So learn from my mistakes, don’t try to respond. Just listen, write down the main points and you will accomplish several different things at once. You will gain their respect and loyalty, you will set family members minds at ease and the word will get around that you are a leader that can be reached.
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  #18  
Old 03-07-2008, 09:09 AM
gracenotes1
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Well ladies and gentlemen!! It is Friday. If you are off the weekend then whoohoo. enoy the rest and relaxation--especially if someone else is taking call!!!
Do something fun--whatever you like to do!!
Don't even think about Monday until Sunday night!!
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  #19  
Old 03-08-2008, 08:43 AM
gracenotes1
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My position as a Director of Nursing in a long term care facility sometimes required long hours. On this particular day in January of 2001, I was running later than usual on my commute to work. The day before, I had worked 16 hours and I almost took the day off because I was so late getting home the night before. But I really needed to attend an important meeting at 10 am.

I had sold my 1997 Mustang in order to get a bigger car with a smoother ride. I borrowed a car from my Daddy until I could get another one. So, I was driving what I lovingly referred to as, “the land barge”, a 1989 Mercury Grand Marquis, built like a tank.
As I was driving to work, a day just like any other day, I stopped at a red light at a busy intersection. I remember thinking that I should pull up to the driver beside me and tell him that his hubcap was about to fall off. The next thing I remember is hearing a loud noise and looking to the left. I saw a huge truck on its side sliding toward me at a phenomenal rate of speed. Sparks flying I knew that it was going to hit me and it did. I only had time to say, “Lord, that is going to hit me!”. I grabbed the steering wheel as tight as I could. It happened so fast.

I never lost consciousness. I do not remember feeling the actual impact. Jesus and His mighty angels got to me before the truck did. I do not recall being knocked 275 feet into a gas station parking lot. I don’t remember being airborne. I do remember something else though. I remember an incredible feeling of awesome peace and love like I have never experienced before. I had a glimpse of heaven. The hedge of protection came between me and that huge truck. My car was crumpled into a heap of metal and I was trapped inside. But inside the car were angels. I saw them and I felt them. They were there immediately, and I remember saying to them to go ahead and take me if it was time. I had no fear of going with them. I wanted to go with them. Nothing else mattered. I did not hear any audible voices but I knew somehow that I was not going to die, not yet. Somehow they told me that. Jesus was there. He did not speak but I felt His arms around me. Even after the paramedics got me into the ambulance, the angels were still with me, I knew they were there and that was all that mattered. Their presence was overwhelming.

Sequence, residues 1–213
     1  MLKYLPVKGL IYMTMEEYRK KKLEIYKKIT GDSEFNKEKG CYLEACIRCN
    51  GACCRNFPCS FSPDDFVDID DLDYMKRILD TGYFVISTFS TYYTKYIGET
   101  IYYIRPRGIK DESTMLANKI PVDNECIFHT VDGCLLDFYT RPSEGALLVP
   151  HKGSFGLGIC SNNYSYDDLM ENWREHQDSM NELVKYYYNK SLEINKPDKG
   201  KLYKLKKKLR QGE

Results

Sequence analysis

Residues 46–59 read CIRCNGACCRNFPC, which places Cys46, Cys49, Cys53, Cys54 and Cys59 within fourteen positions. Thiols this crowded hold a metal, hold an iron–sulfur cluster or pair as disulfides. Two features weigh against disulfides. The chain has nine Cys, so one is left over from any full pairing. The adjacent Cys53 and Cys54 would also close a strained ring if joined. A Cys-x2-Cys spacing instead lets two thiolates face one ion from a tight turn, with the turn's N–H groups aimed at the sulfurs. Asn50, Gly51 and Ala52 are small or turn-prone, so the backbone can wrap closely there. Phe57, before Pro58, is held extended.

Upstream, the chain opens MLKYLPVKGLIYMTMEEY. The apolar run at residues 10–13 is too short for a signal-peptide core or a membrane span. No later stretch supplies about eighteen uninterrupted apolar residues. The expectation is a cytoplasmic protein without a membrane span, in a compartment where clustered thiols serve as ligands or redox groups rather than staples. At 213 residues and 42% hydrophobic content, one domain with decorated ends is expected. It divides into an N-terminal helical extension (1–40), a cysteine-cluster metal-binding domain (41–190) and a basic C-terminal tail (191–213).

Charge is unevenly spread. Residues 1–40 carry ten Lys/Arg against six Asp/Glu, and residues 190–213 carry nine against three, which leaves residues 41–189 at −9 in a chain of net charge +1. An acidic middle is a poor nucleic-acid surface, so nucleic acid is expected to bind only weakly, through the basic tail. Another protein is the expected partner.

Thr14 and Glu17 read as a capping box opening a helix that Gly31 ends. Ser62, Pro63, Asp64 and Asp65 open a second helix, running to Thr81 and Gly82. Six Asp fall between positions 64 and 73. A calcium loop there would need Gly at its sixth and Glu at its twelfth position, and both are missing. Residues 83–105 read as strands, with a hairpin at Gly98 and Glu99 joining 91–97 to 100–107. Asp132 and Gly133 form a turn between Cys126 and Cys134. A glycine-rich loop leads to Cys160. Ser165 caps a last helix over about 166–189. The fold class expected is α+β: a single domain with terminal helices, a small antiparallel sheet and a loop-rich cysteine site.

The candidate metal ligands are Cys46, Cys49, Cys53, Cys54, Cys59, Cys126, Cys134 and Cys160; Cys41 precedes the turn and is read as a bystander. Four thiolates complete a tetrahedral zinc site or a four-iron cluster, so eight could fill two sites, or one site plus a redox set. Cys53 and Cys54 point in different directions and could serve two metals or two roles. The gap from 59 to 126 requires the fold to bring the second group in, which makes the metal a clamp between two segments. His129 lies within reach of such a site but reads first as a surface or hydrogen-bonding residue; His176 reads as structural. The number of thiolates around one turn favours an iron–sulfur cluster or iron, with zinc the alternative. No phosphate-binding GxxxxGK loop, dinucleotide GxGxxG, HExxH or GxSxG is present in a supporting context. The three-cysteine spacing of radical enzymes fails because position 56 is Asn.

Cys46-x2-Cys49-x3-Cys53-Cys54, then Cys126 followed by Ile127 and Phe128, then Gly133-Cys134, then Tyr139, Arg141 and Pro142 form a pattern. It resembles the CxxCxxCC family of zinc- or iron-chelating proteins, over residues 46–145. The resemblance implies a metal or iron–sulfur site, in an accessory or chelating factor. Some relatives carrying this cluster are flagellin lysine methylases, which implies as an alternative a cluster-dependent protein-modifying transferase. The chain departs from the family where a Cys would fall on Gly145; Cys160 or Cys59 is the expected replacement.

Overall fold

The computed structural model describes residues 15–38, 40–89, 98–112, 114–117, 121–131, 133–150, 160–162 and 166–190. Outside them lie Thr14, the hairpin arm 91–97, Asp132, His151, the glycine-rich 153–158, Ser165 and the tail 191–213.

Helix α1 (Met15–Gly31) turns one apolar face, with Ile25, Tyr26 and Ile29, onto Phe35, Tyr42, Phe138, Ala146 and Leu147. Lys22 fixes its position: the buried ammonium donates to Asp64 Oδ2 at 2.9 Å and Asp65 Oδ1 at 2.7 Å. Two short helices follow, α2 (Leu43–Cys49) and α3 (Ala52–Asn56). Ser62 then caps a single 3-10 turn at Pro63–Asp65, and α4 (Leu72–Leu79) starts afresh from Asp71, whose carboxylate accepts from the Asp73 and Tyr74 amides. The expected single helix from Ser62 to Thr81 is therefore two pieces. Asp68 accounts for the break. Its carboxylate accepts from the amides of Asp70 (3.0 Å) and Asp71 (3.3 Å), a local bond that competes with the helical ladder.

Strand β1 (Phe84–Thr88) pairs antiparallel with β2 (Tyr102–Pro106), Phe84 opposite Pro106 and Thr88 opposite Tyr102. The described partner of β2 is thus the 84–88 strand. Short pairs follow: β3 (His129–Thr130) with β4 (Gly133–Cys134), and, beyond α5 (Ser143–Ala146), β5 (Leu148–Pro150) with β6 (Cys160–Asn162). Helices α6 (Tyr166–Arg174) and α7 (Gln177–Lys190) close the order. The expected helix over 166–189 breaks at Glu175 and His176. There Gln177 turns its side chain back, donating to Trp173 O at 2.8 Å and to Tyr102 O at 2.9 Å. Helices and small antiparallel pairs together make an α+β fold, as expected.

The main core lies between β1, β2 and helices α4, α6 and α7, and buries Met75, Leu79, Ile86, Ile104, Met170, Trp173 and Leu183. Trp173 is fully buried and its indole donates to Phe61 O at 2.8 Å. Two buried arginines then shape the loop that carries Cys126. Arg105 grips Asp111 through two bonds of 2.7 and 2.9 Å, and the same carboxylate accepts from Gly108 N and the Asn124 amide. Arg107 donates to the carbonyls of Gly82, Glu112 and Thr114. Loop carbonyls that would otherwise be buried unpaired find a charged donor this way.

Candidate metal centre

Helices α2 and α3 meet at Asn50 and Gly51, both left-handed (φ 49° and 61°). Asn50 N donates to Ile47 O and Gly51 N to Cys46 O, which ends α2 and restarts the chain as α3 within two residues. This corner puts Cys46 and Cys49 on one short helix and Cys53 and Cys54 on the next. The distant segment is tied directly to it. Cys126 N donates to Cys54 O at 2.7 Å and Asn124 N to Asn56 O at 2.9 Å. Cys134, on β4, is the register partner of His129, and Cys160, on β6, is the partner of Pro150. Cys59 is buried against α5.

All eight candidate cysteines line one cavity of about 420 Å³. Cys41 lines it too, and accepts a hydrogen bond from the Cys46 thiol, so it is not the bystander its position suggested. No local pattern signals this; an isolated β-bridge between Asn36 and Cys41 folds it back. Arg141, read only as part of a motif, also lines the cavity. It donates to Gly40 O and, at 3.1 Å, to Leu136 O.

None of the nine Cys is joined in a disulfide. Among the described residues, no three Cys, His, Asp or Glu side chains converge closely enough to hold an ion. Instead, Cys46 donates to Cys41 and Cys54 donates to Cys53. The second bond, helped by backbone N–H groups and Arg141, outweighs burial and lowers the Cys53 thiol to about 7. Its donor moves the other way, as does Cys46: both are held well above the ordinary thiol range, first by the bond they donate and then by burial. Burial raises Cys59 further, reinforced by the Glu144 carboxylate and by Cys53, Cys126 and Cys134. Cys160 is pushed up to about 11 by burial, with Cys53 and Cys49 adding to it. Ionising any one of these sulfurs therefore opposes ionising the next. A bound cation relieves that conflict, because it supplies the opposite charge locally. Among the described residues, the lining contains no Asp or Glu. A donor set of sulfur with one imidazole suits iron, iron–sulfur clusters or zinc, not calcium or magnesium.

At the hospital I could hear all the nurses and doctors talking and scrambling while they worked with me. I knew that I was critical and that I was loosing blood. I could feel myself slipping away. I knew that the angels were there just in case. By the time I was evaluated in the emergency room the pain was almost unbearable. Again, I saw the light of the angels, small tiny brilliant lights circling around above me. Even through the pain I smiled and felt comforted by their presence. I talked to them, this time asking for them to take me because the pain was so intense. The things of this earth were “strangely dim”. The next thing I remember is seeing my husband and my parents. Then I started to cry. Doctors were rushing me to surgery. A surgical nurse leaned down and called my name, “Angela, in a minute you will be asleep and you are going to be fine.” Then she started praying for me so quietly and sweetly in my ear as the anesthesia took effect.

I woke up in the ICU and recovery began. The first thing I told my mother was about the angels. I continue to improve everyday and I have come a long way in healing since that day. My life will never be the same. I strive to never forget the feeling I had that day. I almost left this world, and in the process I was given a great gift from God. He offered to me the blessed assurance of His presence and His awesome power and love. I never want to forget this small glimpse of heaven. I felt the incredible love of God present with me in “the land barge”.

Soooooooo the moral of this story is be happy you can still nurse. I miss it so badly.